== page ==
Has Ahrendts been promised the CEO position of Apple?

Holy shit!

Mark Ritson

It would be impossible to imagine a more sensational headline than the one that exploded from the Burberry news bazooka on Tuesday morning (15 October). I read the story, rubbed my eyes and read it again. Then I read a bit more and rubbed my eyes again. The whole thing was astonishing.

The news that Angela Ahrendts was stepping down from Burberry was one thing. Nobody saw that one coming. Then there was her chosen destination – Apple. And finally there was the news of her replacement. Christopher Bailey the Chief Creative Officer will replace her!

The combined news throws up a Catherine Wheel of questions and implications. Here are the most immediate.

Was She Pushed?

Ahrendts might have been at the helm for eight years but she is only 53 which makes her a baby in chief executive years. Why “exit stage left”, to use her phrase, with so much potential still left in the immaculate Burberry bag? She was the highest paid, best regarded and most famous CEO in the UK. Her performance at Burberry was exemplary. So it seems unlikely that Burberry wanted her to go, and more likely she has jumped.

Why jump to a lesser role?

Any which way you spin it – her new role as the senior vice president with oversight of Apple Retail, Online Stores is a big step down. Yes, she is rightfully proud of Burberry’s evolution in both retail and digital terms and, yes, this is Apple we are talking about. But it’s rare that a CEO ever relinquishes the overall leadership role no matter how big the company that comes calling. Has Ahrendts been promised the CEO position of Apple once a suitable handover period with Tim Cook has been executed? It would seem the only likely explanation for her move.

What about Paul?

The one snag in all this is a delightful chap called Paul Deneve. Barely three months ago Deneve stepped down from his own super successful stint as a luxury brand CEO, this time at Yves Saint Laurent, to become a vice president of “special projects” at Apple. Now there are two big names from fashion/luxury presumably staring at each other from across their cubicles at Cupertino. Both bring similar skill sets. Both clearly came to establish themselves as top dog. Both must have fancied the top job when they announced their respective moves. Ouch.

Apple is going to be run as a luxury brand

To understand why Apple hired Ahrendts, or Deneve for that matter, you have to first understand the true nature of luxury brands. Luxury brands usually emerge from innovative new categories, they have astonishingly gifted and influential founders, usually exhibit a strong prevailing ability for creativity and disruption and maintain a remarkable ability to build their mythology though secrecy. Apple is 37 years old and transitioning from a young tech company to a luxury brand. Clearly the Apple senior executive is aware of this and their impending inability to retain a leadership position simply as a tech firm. They are speeding their luxury evolution by recruiting executives with the ability to manage big brands at the intersection of creativity, luxury and tech.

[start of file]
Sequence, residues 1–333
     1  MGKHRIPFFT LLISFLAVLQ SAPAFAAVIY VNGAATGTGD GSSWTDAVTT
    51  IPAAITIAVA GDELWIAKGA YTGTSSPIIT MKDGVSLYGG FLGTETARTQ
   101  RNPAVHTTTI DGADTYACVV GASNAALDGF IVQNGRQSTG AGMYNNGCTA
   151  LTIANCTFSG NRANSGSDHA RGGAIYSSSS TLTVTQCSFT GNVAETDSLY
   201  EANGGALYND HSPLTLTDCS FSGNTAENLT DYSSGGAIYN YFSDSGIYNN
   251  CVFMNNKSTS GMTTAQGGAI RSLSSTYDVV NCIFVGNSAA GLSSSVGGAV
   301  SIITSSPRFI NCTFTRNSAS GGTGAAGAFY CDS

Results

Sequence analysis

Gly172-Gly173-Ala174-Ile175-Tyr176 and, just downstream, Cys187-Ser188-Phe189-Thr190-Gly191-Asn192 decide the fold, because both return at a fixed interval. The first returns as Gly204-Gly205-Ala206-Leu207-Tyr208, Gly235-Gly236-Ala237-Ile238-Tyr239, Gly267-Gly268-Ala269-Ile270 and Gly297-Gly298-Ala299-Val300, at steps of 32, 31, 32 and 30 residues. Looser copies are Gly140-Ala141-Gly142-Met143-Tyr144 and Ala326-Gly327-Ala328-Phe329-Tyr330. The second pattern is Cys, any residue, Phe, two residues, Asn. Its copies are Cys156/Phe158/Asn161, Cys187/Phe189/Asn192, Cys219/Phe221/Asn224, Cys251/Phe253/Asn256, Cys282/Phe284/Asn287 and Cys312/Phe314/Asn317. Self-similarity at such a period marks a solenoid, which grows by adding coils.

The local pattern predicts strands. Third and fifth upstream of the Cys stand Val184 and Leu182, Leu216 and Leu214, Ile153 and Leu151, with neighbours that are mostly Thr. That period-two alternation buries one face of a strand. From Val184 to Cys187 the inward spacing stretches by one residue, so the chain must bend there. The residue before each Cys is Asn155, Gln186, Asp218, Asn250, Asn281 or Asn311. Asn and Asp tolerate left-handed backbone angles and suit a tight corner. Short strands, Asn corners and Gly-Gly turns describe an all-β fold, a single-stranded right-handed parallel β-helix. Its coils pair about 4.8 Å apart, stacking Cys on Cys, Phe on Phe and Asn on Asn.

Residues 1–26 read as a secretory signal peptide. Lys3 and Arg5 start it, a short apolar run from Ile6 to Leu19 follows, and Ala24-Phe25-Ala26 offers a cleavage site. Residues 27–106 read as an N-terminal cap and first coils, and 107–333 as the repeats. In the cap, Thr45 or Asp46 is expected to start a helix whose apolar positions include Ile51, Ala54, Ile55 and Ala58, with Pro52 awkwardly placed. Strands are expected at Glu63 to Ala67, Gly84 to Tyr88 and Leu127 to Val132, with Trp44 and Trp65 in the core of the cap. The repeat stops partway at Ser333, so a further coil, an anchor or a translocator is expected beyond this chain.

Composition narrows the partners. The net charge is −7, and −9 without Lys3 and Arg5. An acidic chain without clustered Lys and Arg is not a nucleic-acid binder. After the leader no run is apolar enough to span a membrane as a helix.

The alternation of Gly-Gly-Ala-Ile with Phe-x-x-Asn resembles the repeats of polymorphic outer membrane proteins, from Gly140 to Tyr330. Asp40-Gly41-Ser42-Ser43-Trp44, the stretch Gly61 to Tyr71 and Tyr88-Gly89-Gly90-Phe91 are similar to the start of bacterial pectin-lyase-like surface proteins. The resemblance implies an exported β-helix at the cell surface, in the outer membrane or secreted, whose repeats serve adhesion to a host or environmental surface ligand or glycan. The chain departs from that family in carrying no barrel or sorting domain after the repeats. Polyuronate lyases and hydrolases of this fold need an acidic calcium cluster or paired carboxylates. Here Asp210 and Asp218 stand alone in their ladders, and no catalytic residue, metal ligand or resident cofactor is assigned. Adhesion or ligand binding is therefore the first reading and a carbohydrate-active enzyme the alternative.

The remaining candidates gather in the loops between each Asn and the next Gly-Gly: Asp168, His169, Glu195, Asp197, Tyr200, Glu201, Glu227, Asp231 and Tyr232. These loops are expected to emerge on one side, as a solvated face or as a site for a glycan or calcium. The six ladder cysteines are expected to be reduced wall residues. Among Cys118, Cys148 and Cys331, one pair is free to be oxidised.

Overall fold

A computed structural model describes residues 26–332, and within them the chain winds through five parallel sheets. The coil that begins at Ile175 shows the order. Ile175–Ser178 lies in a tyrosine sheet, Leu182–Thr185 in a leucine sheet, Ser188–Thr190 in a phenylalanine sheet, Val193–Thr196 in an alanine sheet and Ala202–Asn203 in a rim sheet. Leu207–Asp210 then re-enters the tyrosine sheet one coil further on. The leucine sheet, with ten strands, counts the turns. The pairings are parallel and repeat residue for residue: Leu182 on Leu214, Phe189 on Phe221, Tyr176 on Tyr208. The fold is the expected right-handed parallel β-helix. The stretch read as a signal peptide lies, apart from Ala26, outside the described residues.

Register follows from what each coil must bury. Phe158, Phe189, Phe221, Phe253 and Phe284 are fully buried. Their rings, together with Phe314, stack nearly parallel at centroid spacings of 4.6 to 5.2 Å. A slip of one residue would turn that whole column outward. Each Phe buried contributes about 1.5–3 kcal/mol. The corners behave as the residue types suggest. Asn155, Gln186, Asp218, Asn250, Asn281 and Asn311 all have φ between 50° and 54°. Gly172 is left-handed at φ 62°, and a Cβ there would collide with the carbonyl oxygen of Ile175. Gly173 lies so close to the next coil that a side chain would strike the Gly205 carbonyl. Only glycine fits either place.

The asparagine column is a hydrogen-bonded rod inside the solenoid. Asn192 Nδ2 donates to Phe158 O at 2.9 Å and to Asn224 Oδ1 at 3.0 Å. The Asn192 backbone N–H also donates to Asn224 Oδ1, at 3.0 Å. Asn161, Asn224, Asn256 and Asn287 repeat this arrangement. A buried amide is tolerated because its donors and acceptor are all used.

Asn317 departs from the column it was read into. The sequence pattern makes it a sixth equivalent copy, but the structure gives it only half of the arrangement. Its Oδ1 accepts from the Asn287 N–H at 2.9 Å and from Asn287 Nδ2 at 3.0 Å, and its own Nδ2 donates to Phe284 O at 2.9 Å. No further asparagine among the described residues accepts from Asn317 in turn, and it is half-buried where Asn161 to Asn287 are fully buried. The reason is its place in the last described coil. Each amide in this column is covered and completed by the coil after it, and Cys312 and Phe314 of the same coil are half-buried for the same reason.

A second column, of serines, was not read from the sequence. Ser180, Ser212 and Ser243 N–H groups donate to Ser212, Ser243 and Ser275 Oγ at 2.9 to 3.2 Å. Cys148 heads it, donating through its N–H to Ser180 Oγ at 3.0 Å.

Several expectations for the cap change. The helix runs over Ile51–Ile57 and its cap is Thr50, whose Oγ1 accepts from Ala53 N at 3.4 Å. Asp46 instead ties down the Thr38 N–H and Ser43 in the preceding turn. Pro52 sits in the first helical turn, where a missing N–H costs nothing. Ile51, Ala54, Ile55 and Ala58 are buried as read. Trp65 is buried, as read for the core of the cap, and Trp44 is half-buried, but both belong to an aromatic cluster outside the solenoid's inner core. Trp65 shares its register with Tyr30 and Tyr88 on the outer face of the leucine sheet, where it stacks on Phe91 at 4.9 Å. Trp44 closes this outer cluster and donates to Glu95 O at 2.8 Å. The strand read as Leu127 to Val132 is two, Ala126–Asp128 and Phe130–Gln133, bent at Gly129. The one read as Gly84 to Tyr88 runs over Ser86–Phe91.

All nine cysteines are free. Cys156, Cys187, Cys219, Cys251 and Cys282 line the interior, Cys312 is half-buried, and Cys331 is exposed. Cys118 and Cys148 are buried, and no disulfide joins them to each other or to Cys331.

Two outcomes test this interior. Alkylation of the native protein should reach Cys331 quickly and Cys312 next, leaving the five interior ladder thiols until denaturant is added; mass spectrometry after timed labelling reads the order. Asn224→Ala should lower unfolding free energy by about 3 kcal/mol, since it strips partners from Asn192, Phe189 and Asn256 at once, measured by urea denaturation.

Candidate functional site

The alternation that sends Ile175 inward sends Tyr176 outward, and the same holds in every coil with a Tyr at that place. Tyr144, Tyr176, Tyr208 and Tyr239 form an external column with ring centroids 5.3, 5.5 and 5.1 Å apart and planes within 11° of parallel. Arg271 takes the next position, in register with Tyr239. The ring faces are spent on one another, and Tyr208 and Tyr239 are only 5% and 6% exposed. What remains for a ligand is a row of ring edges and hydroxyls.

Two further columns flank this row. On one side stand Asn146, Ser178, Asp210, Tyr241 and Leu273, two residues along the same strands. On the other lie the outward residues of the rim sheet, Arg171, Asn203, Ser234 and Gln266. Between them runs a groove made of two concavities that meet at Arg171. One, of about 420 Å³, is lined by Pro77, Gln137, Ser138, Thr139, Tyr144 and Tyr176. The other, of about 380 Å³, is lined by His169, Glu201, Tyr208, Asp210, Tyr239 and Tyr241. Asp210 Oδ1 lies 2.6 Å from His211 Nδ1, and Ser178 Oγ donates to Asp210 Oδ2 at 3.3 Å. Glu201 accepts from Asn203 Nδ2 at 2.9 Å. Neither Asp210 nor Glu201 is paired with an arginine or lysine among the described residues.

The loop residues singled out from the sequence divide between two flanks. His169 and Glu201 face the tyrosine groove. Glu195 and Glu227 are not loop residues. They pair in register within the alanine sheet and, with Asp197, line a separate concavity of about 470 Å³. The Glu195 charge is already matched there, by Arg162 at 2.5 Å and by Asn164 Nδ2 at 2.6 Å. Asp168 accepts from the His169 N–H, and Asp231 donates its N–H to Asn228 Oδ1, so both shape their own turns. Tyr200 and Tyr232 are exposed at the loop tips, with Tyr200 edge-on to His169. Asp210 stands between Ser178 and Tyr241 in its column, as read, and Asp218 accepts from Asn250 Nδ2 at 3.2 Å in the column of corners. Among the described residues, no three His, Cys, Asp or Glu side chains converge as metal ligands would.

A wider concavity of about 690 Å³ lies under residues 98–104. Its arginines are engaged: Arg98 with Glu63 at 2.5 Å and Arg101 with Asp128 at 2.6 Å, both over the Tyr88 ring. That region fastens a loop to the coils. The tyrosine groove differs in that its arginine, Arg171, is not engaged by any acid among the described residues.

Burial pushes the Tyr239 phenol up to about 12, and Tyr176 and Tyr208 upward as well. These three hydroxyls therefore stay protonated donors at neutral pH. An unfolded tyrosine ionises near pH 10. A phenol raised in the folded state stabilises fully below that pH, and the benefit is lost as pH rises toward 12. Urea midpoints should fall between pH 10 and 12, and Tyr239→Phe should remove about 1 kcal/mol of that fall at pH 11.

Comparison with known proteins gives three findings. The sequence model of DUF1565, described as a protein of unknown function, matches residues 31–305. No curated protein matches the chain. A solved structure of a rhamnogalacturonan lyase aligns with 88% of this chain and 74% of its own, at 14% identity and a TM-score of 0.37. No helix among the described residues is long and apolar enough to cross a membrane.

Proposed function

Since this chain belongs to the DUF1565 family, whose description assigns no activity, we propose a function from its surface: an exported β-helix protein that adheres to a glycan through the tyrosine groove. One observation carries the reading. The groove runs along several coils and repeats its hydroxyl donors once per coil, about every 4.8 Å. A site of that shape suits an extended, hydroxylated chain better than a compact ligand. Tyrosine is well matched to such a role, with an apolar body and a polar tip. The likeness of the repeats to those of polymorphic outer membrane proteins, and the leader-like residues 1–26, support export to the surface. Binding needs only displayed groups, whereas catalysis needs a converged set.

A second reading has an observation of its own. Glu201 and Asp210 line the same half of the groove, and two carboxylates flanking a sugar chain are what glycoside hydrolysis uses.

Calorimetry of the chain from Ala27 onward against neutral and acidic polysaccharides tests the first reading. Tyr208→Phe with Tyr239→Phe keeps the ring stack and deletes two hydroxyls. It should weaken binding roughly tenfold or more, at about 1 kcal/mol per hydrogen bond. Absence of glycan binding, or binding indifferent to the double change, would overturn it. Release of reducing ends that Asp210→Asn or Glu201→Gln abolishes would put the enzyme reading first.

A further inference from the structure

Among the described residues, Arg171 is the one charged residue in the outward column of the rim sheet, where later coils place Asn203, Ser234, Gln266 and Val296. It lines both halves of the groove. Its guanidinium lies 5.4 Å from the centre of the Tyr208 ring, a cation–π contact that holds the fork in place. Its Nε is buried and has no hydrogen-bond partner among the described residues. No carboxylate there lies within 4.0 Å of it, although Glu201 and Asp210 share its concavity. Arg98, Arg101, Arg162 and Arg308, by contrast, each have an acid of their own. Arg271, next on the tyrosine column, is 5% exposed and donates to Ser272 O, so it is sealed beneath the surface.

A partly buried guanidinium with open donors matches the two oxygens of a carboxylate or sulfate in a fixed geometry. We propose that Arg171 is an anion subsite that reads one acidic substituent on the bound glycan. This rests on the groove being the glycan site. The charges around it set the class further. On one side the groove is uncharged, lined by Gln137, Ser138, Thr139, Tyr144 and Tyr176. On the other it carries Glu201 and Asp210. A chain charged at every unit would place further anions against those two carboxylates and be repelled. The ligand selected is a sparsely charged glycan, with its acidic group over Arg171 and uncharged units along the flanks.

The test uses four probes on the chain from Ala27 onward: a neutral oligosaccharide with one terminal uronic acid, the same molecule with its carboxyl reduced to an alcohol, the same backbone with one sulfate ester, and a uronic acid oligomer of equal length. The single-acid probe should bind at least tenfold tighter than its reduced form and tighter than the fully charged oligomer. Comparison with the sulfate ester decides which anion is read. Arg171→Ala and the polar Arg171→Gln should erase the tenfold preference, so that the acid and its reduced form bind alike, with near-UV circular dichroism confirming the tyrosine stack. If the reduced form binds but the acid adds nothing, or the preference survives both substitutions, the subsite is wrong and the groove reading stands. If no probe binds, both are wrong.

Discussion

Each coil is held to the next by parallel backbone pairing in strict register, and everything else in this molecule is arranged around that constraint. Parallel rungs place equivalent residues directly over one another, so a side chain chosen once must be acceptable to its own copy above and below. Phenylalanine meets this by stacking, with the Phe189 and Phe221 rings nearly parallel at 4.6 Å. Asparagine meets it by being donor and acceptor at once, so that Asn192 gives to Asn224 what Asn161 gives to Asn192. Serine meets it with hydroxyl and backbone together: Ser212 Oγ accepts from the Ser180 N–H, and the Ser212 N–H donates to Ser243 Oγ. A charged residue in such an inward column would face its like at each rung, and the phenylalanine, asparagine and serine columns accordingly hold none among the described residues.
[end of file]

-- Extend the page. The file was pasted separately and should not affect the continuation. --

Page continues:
What about Christopher Bailey?

This is the most amazing part. Trust me. Most journalists that report the story will focus on Ahrendts and her move to Apple. But the truly amazing part of all this is the promotion of Christopher Bailey to the CEO position.  In most luxury brands there is a so called “partnership model”at work in which the CEO shares most of the limelight and power with a creative director. The two forge a vital personal and professional link and the success of the brand depends on them both equally. Karl Lagerfeld and Maureen Chiquet at Chanel.

Yves Carcelle and Marc Jacobs at Louis Vuitton. Domenico De Sole and Tom Ford at Gucci. These are legendary partnerships and the Ahrendts/Bailey era was rapidly becoming recognised as another. The idea he would then step up and across to the CEO position is literally unheard of. Never in the annals of modern luxury branding has a creative director taken the reins as CEO to my knowledge.

What Does this mean for Burberry?

I hate to be negative but the risks inherent in this move far outweigh the potential rewards. For starters your amazing chief creative officer is now no longer able to devote himself to creativity and design. Then there is the thorny question of whether a (brilliant) designer can actually run the business. It would be impossible to imagine Ahrendts designing the last ready to wear collection for Burberry. So why is it any more acceptable to imagine a creative director running the commercial side of things.

Like I said, Holy Shit!

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